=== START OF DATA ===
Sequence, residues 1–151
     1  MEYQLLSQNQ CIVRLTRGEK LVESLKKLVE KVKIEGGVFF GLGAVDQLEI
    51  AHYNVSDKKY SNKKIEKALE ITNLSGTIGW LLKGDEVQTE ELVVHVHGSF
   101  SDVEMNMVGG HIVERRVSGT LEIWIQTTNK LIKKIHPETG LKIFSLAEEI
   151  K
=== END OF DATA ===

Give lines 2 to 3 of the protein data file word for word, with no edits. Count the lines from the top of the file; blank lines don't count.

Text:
     1  MEYQLLSQNQ CIVRLTRGEK LVESLKKLVE KVKIEGGVFF GLGAVDQLEI
    51  AHYNVSDKKY SNKKIEKALE ITNLSGTIGW LLKGDEVQTE ELVVHVHGSF